This Interdisciplinary Training Grant in Biostatistics and Computational Biology proposal from the Harvard School of Public Health (HSPH) is a renewal application that represents an expansion of the existing interdisciplinary training grant in biostatistics at HSPH.
It aims at addressing the critical need in the "omits" era for well-trained quantitative genomic scientists who have a strong understanding of, and commitment to, cutting-edge methodological and collaborative research at the intersection of molecular biology, biostatistics, bioinformatics, computational biology, and genetic epidemiology to analyze, integrate and interpret high- dimensional genomic and environmental data. The training program will involve active participation by over thirty accomplished and experienced multidisciplinary faculty members, including biostatisticians, bioinformaticians and computational biologists, genetic epidemiologists, and molecular biologists with the goal of providing our trainees with experience in all essential elements of this emerging area. The goals of our proposed training program are: * To train high-quality quantitative researchers who have excellent biological, statistical and computational knowledge, and are capable of conducting cutting-edge methodological and collaborative research at the intersection of biostatistics, bioinformatics and computational biology, genetic epidemiology, and molecular biology; * To train quantitative researchers to become strong leaders and effective communicators in an interdisciplinary research environment, and to enable them to conduct translational genomic research from basic sciences to population and clinical sciences focused on developing effective strategies for disease prevention, intervention, and treatments. Trainees will be pre-doctoral students at HSPH in the Departments of Biostatistics and Epidemiology, which will jointly administer the grant. The program proposes initial support of eight students in year 1, and two additional trainees in years 2-5. This training program combines elements of training in both "wet" labs in biological science and "dry" labs in biostatistics, computational biology, and genetic epidemiology, accomplished through lab rotations and directed interdisciplinary research that will prepare graduates to become leading quantitative genomic scientists.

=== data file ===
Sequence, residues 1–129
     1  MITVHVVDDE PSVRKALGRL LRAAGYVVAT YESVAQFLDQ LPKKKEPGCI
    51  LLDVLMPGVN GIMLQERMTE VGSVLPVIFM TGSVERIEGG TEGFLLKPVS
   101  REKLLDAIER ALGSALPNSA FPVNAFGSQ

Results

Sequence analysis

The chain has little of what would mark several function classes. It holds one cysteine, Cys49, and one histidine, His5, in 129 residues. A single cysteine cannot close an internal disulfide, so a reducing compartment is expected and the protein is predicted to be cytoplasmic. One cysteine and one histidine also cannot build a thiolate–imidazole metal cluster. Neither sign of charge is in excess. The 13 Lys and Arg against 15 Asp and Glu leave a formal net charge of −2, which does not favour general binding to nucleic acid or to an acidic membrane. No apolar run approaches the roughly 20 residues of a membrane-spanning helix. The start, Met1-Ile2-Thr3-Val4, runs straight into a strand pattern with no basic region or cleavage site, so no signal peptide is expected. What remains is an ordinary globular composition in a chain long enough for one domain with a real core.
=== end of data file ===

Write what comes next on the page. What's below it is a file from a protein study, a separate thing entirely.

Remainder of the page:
Groundbreaking research and discovery in the life sciences in the 21st century are more interdisciplinary than ever. To expedite scientific advances in the "omits" era, it is critical to train the next generation of quantitative health science students who are strong in biostatistics, computational biology, molecular biology and genetics epidemiology, and who have enough basic knowledge that they can easily communicate and work with colleagues who have complementary areas of expertise.
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